Monday, May 14, 2007

"Pain Has Just Begun"

From the Sacramento Bee:

So far, consumers and businesses have borne the brunt of suffering tied to the economy. But now local jurisdictions from El Dorado County to Elk Grove are starting to cope with a revenue squeeze brought on by falling home construction, lower home values and softer retail sales.

In Sacramento County, supervisors on Wednesday will face a $33 million shortfall in the new preliminary budget tied to a softening in property and sales taxes, county Chief Financial Officer Geoff Davey said Thursday.

In Elk Grove and Citrus Heights, sales tax revenues are virtually flat, with more of the same expected in the fiscal year that starts July 1. In Roseville, the rate of sales tax growth is about half what it was a year ago.

Some say that the civic side of the pain has just begun. "Really the slowdown in property tax has just started to hit the tax rolls and the budgets of our municipalities and statewide," Davey said. "A year from now, that is when you're really going to see budgetary impacts."
In Elk Grove, sales tax proceeds are flat after years of double-digit growth, said city Budget Manager Michael McGrane. For the budget year that starts July 1, he projects sales tax revenues -- the city's largest revenue source -- will grow by only 1 percent. That is far from the 16 percent to 21 percent yearly increases Elk Grove saw from 2003 through fiscal 2006.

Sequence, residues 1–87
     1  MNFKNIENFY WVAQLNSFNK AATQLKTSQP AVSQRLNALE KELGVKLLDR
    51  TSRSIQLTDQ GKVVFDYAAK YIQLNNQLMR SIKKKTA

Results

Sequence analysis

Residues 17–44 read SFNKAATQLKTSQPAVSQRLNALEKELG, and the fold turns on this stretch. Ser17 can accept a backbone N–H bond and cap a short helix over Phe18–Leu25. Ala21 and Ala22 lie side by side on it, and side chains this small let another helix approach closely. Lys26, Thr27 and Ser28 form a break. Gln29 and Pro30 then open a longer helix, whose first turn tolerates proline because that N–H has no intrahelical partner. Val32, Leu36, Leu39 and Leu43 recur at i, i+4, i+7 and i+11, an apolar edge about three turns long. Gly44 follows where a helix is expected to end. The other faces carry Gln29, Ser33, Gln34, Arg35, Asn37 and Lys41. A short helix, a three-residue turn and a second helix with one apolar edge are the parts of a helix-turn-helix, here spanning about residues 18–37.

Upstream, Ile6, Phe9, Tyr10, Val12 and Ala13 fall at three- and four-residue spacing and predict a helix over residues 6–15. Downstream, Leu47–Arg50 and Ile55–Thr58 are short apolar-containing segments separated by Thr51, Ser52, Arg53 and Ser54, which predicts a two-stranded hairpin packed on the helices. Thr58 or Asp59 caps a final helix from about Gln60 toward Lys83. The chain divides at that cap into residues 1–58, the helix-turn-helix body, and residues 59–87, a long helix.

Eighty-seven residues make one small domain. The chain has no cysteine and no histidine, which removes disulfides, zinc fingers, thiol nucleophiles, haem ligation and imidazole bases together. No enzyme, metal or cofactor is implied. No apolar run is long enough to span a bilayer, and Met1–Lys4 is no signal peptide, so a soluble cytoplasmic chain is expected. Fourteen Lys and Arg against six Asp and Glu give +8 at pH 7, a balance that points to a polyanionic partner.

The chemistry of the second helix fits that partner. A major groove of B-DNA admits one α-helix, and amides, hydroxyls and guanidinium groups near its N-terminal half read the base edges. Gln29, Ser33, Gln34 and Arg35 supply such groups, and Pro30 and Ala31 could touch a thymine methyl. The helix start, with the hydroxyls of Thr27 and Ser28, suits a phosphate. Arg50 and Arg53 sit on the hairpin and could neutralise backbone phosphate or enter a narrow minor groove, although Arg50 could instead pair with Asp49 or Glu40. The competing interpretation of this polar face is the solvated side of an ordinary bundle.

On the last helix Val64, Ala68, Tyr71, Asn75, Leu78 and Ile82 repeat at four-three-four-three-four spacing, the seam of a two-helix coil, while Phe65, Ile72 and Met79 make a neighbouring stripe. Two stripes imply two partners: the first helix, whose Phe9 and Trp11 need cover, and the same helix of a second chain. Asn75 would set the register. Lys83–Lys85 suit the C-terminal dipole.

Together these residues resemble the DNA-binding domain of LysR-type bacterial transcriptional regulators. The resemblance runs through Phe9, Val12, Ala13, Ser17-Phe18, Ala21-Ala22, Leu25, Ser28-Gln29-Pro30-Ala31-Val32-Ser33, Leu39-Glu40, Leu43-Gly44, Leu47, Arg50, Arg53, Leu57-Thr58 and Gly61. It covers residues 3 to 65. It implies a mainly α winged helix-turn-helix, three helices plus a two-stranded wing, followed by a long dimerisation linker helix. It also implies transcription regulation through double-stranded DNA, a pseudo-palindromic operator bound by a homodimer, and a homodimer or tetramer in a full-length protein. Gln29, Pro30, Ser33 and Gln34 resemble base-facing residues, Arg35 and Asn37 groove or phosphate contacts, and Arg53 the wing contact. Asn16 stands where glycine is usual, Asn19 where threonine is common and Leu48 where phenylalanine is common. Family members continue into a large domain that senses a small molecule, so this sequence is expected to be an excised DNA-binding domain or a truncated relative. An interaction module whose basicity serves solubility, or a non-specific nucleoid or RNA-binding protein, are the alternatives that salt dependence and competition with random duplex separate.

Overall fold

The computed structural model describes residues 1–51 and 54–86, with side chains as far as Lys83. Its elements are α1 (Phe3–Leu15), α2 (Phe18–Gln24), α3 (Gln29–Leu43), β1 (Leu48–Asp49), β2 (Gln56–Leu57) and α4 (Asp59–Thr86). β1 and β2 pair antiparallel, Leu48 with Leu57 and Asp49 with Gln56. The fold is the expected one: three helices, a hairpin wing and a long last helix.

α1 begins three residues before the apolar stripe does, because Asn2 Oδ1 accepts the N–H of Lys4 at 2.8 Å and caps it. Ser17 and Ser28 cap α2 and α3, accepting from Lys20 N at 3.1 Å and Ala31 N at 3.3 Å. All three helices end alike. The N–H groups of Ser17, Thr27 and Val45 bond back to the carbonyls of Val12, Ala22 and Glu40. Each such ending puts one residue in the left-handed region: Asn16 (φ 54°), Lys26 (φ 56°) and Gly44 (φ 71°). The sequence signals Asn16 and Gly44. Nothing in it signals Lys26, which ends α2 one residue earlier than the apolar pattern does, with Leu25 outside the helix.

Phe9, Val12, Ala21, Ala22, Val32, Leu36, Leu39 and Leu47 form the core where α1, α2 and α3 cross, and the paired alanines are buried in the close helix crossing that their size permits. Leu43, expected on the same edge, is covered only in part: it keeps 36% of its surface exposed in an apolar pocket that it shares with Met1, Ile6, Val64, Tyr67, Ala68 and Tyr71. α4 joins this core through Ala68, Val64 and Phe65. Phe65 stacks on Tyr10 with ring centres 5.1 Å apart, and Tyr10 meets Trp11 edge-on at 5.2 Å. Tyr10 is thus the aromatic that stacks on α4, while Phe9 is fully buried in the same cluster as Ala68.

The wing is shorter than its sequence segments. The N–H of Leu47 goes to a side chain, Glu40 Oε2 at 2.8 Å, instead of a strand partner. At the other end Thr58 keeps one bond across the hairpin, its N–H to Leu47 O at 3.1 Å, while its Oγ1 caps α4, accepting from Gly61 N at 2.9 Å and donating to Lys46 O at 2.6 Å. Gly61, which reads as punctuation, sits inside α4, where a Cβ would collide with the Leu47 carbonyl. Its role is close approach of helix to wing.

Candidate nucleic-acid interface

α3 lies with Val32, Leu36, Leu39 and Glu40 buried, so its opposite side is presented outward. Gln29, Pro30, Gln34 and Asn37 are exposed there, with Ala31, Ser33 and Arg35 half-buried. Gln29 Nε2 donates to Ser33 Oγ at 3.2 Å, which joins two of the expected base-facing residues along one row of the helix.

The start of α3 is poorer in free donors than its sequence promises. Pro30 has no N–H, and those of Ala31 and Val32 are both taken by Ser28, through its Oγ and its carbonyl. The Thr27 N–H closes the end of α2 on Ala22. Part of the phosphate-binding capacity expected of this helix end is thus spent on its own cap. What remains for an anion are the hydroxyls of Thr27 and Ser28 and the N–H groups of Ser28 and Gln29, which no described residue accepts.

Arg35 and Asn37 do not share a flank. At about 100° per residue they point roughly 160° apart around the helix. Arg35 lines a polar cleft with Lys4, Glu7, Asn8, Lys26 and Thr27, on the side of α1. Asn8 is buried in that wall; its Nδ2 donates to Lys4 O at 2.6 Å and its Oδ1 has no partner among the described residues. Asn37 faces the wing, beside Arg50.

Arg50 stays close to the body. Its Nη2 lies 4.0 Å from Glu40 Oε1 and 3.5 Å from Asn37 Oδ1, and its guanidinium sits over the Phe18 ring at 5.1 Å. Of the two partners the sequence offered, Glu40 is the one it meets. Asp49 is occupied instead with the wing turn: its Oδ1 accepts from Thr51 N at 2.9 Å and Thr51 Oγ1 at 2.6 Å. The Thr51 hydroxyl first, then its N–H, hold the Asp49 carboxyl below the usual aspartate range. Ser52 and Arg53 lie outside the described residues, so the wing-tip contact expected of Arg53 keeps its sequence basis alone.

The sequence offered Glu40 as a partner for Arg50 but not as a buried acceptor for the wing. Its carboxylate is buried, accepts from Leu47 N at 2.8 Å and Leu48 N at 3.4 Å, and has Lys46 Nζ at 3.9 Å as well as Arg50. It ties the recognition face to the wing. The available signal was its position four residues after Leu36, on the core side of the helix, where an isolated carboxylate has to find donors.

In Sacramento County, proceeds from property taxes are expected to grow 10 percent in the fiscal year that starts July 1. That's down from 15 percent for the fiscal year now ending. "It's the largest year-to-year decline I can find in the last 25 years," Davey said. Every percentage point of growth equals $2.7 million in general fund money, he said.
From the Sacramento Business Journal:
Banks struggled with another quarter of flat growth, squeaking some earnings out of increasing deposit costs and low loan rates.
The Sacramento region's hot economy for the previous 12 years attracted banks to the area. Now that regional growth has slowed, many banks are searching for loan customers.

"A lot of banks have divided up the pie," said Gary Wright, chief executive of Stockmans Bank in Elk Grove. The bank was the most profitable in the market despite a 19 percent decline in the first quarter from a year ago.

"Things are flat. We're working real hard, and we're getting new customers, but it's tough," Wright said. "We're in it for the long term. This happens from time to time. I don't know if we will see much relief from this squeeze this year."
The mortgage problems related to subprime lending haven't been an issue for any of the local banks, but the general slowdown in the real estate market is putting a damper on some banking business.

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